3. SPONSON GAPS
Most W.W.II tanks had one design feature in common, the “sponson”. This term refers to the upper hull being wider than the lower hull, producing an overhang along the length of the vehicle on both sides. Usually, the overhang was about as wide as the tank’s tracks. In the light tank, M3 Stuart, the extra space afforded by the sponsons was used to fit a forward facing .30cal MG to each side of the hull. In many other tanks the sponsons were simply storage space.
A great number of model tank kits suffer from a glaring problem – the “sponson gap”. The kits’ upper hull overhangs the lower hull, as it should, but is left open. There is no connection between the sides of the upper and lower hull parts, just a gap running the length of the hull just above the top run of the tracks. No real tank is built this way. The gap severely reduces a tank model’s realism. The solution is simple. Cut a piece of sheet styrene to the length and shape of the ‘sponson gap’ you need to fill (one piece for each side). Carefully align the gap filling pieces and glue into place (see photos below).
GAP FILLING PROCEDURE:
A. BEFORE you begin assembling the kit, TEST FIT (no glue!) the upper and lower hull parts
B. Use a heavy rubber-band or two (lengthwise across the hull) to hold the upper & lower hull parts together. Insert a thin piece of cardboard into the gap where the upper hull overhangs the lower hull.
C. Trace the outline of the upper hull onto the piece of cardboard to get the length, width, and shape of the sponson gap.
D. Cut out the cardboard outline of the sponson gap. Use the cut-out as a template. TEST FIT the cardboard template & be sure it’s both long enough & wide enough to accurately fill the sponson gap. Create a new template if this one is too big or too small. Once you have a perfect fit, place your template onto a thin piece of styrene plastic sheet (020 – 030 thick) and trace the shape of the sponson gap.
E. Cut out two (2) plastic sponson gap covers (one for each side of the tank). Test fit each cover. Trim or sand the covers as needed to get a clean fit inside the gap between the upper and lower hull.
F. Attach (glue) the sponson cover in place. In some cases you’ll glue it just inside the upper hull and flush with the bottom edge of the upper hull. IF the particular kit has enough empty space inside, reinforce the sponson cover by gluing a square or rectangular ‘rod’ between the side of the hull and the top of the sponson cover (rod has to be in contact with both surfaces). Depending on the kit it may be possible to attach the gap filler on the outside of the lower hull part; the M4A2 Sherman tank is a good example of this (see bottom 2 photos). A few kits, like Tamiya’s M8 HMC have partial sponson fillers; you can extend these by gluing full length fillers to the outside of the lower hull part (see top photo below).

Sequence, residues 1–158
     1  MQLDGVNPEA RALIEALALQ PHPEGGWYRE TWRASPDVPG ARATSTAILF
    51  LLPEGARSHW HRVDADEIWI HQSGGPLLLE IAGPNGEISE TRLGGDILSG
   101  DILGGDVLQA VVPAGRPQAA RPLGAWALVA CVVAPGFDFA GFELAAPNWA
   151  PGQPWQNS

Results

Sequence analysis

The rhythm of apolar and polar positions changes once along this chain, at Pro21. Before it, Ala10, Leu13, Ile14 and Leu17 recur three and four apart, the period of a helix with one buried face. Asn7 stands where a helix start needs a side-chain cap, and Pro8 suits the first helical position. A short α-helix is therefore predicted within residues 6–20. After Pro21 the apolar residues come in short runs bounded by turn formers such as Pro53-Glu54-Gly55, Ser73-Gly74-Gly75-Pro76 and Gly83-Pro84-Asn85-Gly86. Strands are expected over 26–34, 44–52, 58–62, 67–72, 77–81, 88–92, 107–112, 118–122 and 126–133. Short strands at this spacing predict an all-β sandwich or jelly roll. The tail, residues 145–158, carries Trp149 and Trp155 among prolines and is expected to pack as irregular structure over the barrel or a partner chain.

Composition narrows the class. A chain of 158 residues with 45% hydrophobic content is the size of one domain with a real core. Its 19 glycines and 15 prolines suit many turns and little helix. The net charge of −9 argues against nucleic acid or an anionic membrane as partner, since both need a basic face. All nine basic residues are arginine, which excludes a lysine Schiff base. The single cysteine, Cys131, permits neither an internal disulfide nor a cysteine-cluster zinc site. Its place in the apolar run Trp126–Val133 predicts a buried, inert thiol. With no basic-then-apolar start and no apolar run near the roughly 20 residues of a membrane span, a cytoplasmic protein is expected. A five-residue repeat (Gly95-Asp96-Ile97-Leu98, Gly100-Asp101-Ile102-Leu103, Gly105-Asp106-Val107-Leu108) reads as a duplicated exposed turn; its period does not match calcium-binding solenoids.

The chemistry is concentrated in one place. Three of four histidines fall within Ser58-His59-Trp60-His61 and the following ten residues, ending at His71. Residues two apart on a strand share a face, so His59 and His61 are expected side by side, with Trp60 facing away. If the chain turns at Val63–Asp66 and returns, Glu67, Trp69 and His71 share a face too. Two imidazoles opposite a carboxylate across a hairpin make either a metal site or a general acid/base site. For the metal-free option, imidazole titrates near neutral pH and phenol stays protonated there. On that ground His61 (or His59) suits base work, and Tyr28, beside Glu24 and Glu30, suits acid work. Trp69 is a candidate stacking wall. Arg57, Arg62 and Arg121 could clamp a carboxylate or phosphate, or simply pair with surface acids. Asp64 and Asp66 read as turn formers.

M8 HMC / Partial sponson covers need extending.
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Most model kits’ instructions (for military or civilian cars or trucks) tell you to paint tires flat black. This is OK, if you’re building your model as a ‘factory new’ vehicle; you can even use semi-gloss black for ‘factory new’ auto tires. However, tires, especially on military vehicles, tend to show the effects of road wear and weather quickly. If you’ve built a particularly well weathered tank or armored car or halftrack (or an old junker sports car), the tires need to match the rest of the vehicle in their weathered appearance.
Here are a couple of simple tricks for weathering tires:
◊ Alternate Paints – Instead of using flat black, use a paint like Badger’s Tire Black (dries to an ashy dark gray) or a flat paint like Tamiya’s German Gray. Airbrush the entire tire (except for the wheel area) flat black. Then, carefully, overspray the tire with your chosen gray color (try to leave the recessed areas in the treads black to give the tire more definition).
◊ Thin Wash Technique – This technique works particularly well for wide tires on bogie wheels (e.g. as on a Sherman tank), but it can be used for any rubber tire. Note: This technique will take more time than applying a regular coat of paint. Start with flat black, but thin it with Isopropyl alcohol to the consistency of a wash. Carefully (avoid runs / drips) brush the black wash onto the tire, being careful to avoid getting it on any wheel surfaces. Let the wash dry (thinned with alcohol the wash should dry in just a few minutes). Apply additional coats of wash until you have an ashy dark coloration. Deliberately, apply the wash unevenly – this will create a more realistic uneven weathering effect with darker areas showing less weathering and ashy gray areas showing the most weathering.
EXAMPLES OF WEATHERED TIRES: